In any discussion about how common autism has become — 1 in 88 children in the U.S. are now diagnosed with the neurodevelopmental disorder — the question of “why” inevitably rises. Many autism experts emphasize how the expanded DSM criteria for autism spectrum disorders have greatly contributed to the rise in diagnoses. Scientists keep looking for possible environmental and genetic factors. Three new studies have just been published in the journal Nature about several gene mutations that, the researchers says, are linked to a higher risk of autism.
The genes in question are de novo mutations — spontaneous copy number mutations in the DNA. Previous studies have shown that such gene mutations occur more often in cases of sporadic autism rather than they do in familial (heritable) cases or than in children who do not have an autism spectrum disorder.
In the three new Nature studies, scientists examined genetic material from blood samples from families in which the parents had “no signs of autism” and an autistic child.
(1) A study under Dr. Matthew W. State, a professor of genetics and child psychiatry at Yale University, looked for de novo mutations in samples from 200 people with an ASD diagnosis and in their parents and siblings who did not have such a diagnosis. Two unrelated autistic children were found to have de novo mutations in the same gene.
(2) A study of 209 families under Dr. Evan E. Eichler, a professor of genome sciences at the University of Washington in Seattle, found a de novo gene mutation in a different gene suspected of a possible link to autism risk. One autistic child in Dr. State’s study was found to have a de novo mutation in the very same gene.
(3) A third study under Mark J. Daly of Harvard University analysed the de novo gene mutations from the other studies as well as a third gene and found that, as noted in The New York Times, “kids with autism have a slightly higher rate, on average, and the effects are more severe.”
One caveat regarding de novo mutations and “sporadic autism”: The autistic children in the three new studies are described as having no family members with an autism diagnosis. However, it is not unusual for parents of autistic children to see some aspects of their child — a tendency to be obsessive-compulsive, difficulties with attention, perhaps — in themselves; some parents have even been diagnosed with Asperger’s after their child received an ASD diagnosis. If the expanded criteria for autism were applied to parents and siblings, might they not be found to have some “autistic traits”?
Parental Age and Autism Risk
All three studies also noted that, the older parents are, the greater the risk for giving birth to a child at risk for an autism diagnosis. Earlier studies have also suggested that older parents (both male and female) are more at risk for having an autistic child.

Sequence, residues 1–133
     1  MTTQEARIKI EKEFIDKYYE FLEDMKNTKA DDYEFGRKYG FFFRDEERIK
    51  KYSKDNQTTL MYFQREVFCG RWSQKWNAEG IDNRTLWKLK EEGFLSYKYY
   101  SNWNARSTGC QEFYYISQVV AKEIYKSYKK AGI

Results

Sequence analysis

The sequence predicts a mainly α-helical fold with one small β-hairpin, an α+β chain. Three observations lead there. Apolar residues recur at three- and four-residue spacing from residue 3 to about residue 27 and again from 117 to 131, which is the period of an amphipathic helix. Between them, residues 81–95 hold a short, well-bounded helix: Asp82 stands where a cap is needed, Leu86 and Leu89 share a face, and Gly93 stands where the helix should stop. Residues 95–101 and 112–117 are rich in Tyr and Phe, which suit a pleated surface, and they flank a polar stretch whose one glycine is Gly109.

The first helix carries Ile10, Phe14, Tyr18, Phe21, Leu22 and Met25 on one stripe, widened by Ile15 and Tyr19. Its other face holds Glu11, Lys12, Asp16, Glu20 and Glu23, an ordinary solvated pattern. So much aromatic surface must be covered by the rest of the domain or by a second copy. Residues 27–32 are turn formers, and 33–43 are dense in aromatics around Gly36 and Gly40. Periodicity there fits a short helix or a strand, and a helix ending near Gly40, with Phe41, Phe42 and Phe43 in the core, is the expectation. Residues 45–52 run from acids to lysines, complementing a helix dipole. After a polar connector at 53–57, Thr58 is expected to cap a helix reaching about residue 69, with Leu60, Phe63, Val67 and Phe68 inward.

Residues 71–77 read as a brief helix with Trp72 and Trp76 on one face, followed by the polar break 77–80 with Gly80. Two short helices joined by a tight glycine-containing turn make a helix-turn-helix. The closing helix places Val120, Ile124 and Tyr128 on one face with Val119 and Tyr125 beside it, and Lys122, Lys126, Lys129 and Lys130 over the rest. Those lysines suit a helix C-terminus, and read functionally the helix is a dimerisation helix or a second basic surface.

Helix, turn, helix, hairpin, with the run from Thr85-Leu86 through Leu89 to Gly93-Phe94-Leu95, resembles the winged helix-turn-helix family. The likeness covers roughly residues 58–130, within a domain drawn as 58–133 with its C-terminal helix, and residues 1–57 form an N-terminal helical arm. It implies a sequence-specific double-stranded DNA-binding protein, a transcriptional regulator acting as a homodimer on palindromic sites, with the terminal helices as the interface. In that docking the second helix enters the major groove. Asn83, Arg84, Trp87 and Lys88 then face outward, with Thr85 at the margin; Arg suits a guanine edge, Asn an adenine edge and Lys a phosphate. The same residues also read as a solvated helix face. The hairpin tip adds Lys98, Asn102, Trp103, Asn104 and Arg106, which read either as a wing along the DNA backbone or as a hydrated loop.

There are some caveats about correlating parental age and autism risk. For instance, parents who are “different” in some way, having ADHD or Asperger’s Syndrome, perhaps, may be more likely to have children later, due to their own challenges with relationships and social interactions.
So What Do These Studies Tell Us?
Currently autism is diagnosed by the observation of clinicians and psychologists, who examine a child to see if she or he has sufficient quantities of symptoms to qualify for an ASD diagnosis. In other words, diagnosing autism retains an element of subjectivity. The still-changing and evolving criteria for autism add to the challenge and, too, the confusion. Researchers have been hopeful that genetic studies might point to a possible biomarker for autism.
Jonathan Sebat, a professor of psychiatry and cellular and molecular medicine at the University of California, San Diego who was not involved in the three new studies, describes the studies not as a “breakthrough, because we knew this was coming” but as a “turning point.” Sebat said that “in the next year or two” we can likely expect to find “20, 30, maybe more such mutations.”
Like previous genetic studies about autism, the new studies have found rare genetic mutations in only a very few individuals vs. some “autism gene” in many individuals. Developing therapies from the new studies’ findings is a long way off. What the new studies, and future studies like them, may end up telling us is that “what is known generally as autism may represent a broad category of related but biologically distinct conditions.” Finding a biomarker that would definitely say “this child is autistic” remains elusive.
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